The Naked Community Organizer: Politics and Reflexivity in Gus Van Sant's Milk

The Naked Community Organizer: Politics and Reflexivity in Gus Van Sant's Milk By Julia Erhart "I am not a candidate, I am part of a movement. The movement is the candidate. There is a difference." Spoken by Harvey Milk's character in Gus Van Sant's Milk (2008), these words emblematize a critical tension in a film that both is and is not a conventional biopic. Appearing to advance a key theme in the movie, these words downplay the significance of the individual in favor of a collective movement and in so doing would appear to cancel out the movie's very "biopicness." At the same time, the fact that they are spoken by a blockbuster Hollywood star chosen to play an "exceptional" individual within a movie bearing a one-man title impedes the movie's generic capacity not to be a biopic. The tension between the individual "Harvey Milk" and the gay political community disturbs--in interesting ways--the movie's compliance with generic conventions. In what follows, I will explore how, because of its downplaying of the individual in favour of a focus on politics, the movie both is and is not a conventional biopic. Because it is not a mainstream film but a movie targeted at a presumably guaranteed, albeit niche, audience, Milk can elevate http://www.deepdyve.com/assets/images/DeepDyve-Logo-lg.png a/b: Auto/Biography Studies Autobiography Society, Inc.

The Naked Community Organizer: Politics and Reflexivity in Gus Van Sant's Milk

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Publisher
Autobiography Society, Inc.
Copyright
Copyright © Autobiography Society, Inc.
ISSN
2151-7290
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Abstract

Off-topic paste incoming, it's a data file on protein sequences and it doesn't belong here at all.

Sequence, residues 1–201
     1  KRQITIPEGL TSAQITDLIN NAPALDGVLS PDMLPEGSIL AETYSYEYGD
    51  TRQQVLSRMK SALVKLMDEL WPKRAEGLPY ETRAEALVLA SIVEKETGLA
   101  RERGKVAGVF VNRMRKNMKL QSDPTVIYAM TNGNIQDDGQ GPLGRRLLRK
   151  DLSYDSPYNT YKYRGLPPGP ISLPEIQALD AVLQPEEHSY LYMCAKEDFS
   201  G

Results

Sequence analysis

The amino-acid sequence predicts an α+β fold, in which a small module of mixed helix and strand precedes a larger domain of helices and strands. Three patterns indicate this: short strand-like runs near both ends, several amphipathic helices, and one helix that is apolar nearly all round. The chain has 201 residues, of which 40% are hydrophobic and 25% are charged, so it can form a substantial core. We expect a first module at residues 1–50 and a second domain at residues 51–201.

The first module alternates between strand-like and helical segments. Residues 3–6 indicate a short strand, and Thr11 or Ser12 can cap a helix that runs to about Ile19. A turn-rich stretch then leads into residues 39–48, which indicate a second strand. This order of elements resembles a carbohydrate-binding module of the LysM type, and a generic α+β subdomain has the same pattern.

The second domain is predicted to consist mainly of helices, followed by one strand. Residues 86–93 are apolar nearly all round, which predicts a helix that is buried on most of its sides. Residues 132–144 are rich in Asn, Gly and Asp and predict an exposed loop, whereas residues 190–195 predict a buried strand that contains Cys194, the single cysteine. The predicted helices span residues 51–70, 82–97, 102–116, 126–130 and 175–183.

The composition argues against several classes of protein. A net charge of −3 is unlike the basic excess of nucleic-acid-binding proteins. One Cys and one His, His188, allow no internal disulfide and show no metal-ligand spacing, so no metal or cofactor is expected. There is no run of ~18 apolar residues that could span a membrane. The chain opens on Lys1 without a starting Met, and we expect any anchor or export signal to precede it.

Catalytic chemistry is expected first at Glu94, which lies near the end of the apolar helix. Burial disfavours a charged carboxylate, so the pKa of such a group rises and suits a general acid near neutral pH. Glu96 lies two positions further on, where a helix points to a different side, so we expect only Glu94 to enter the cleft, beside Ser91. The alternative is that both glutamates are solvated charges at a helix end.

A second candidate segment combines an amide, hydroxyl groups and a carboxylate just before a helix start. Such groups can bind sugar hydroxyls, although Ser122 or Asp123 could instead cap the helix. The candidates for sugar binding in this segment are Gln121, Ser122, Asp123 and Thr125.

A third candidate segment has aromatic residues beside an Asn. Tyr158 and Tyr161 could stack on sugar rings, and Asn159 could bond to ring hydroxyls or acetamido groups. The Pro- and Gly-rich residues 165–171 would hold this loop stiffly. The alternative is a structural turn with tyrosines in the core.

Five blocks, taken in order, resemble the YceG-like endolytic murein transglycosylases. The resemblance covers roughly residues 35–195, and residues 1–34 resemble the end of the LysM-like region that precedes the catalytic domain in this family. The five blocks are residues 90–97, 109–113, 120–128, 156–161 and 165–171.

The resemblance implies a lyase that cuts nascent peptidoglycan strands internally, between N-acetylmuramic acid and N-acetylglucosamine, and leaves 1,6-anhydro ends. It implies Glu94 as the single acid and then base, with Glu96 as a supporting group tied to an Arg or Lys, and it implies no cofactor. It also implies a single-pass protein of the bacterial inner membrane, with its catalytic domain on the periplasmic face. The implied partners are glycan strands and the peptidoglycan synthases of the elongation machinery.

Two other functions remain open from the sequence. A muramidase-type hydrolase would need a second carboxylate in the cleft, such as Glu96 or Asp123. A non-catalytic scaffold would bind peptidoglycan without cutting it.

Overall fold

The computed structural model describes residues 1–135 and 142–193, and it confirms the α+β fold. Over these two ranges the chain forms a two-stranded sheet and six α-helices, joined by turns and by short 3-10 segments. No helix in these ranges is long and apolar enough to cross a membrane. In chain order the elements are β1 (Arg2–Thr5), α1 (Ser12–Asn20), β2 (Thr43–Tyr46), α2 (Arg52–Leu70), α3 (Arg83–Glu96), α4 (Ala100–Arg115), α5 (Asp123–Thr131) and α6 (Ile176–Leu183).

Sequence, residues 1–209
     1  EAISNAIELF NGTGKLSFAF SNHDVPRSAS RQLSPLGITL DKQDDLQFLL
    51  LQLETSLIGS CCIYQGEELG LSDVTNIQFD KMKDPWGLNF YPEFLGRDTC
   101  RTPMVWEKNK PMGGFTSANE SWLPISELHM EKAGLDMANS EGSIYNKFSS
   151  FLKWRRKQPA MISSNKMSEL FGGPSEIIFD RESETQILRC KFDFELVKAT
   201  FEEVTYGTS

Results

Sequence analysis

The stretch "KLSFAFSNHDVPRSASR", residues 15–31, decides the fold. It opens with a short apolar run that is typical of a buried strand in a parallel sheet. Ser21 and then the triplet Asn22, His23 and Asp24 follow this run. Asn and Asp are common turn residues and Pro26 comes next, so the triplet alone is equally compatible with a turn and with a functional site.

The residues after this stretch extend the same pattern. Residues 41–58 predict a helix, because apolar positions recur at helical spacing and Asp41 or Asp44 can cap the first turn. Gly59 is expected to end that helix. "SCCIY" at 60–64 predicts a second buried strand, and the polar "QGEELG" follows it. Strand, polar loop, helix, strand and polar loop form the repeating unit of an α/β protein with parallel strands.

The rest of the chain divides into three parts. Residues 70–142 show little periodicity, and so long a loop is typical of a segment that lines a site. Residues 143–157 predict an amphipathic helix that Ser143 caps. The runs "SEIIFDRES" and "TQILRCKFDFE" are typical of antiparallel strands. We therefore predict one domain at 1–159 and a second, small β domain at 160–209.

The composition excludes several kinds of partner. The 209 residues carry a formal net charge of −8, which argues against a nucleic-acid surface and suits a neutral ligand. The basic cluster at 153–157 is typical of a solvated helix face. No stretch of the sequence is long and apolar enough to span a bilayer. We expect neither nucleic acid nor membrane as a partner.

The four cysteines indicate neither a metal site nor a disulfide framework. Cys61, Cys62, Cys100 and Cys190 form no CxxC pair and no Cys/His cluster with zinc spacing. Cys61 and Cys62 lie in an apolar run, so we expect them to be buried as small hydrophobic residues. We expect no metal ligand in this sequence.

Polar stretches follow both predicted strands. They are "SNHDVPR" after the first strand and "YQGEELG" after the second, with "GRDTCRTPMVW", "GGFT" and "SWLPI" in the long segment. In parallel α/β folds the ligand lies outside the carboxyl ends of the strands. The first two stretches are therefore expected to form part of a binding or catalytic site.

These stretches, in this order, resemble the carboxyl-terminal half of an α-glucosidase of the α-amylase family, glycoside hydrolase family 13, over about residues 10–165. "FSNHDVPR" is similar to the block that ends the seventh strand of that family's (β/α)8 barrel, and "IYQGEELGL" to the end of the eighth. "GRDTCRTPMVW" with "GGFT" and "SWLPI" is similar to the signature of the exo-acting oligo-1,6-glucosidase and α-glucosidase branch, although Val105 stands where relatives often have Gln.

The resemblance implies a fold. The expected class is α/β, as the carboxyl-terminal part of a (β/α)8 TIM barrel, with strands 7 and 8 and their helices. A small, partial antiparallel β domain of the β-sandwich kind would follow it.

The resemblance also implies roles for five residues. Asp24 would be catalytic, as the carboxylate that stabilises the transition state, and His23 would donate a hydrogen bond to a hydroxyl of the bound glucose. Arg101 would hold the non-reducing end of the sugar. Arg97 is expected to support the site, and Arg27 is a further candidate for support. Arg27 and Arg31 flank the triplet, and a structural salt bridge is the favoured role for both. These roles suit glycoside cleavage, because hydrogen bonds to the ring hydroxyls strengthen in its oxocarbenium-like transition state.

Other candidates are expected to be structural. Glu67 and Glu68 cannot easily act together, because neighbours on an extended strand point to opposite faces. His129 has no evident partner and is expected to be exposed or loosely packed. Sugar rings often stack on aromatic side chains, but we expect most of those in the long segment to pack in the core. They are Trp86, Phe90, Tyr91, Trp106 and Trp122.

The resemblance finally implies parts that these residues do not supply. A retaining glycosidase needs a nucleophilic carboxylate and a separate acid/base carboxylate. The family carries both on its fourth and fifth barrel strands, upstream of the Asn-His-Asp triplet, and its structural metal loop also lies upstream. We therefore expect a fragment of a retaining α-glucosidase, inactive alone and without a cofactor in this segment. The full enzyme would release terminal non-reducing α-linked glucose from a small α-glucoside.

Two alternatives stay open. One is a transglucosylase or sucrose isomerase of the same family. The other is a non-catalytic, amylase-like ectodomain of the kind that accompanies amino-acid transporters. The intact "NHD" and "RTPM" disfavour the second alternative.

By Julia Erhart "I am not a candidate, I am part of a movement. The movement is the candidate. There is a difference." Spoken by Harvey Milk's character in Gus Van Sant's Milk (2008), these words emblematize a critical tension in a film that both is and is not a conventional biopic. Appearing to advance a key theme in the movie, these words downplay the significance of the individual in favor of a collective movement and in so doing would appear to cancel out the movie's very "biopicness." At the same time, the fact that they are spoken by a blockbuster Hollywood star chosen to play an "exceptional" individual within a movie bearing a one-man title impedes the movie's generic capacity not to be a biopic. The tension between the individual "Harvey Milk" and the gay political community disturbs--in interesting ways--the movie's compliance with generic conventions. In what follows, I will explore how, because of its downplaying of the individual in favour of a focus on politics, the movie both is and is not a conventional biopic. Because it is not a mainstream film but a movie targeted at a presumably guaranteed, albeit niche, audience, Milk can elevate

Journal

a/b: Auto/Biography StudiesAutobiography Society, Inc.

Published: May 5, 2011

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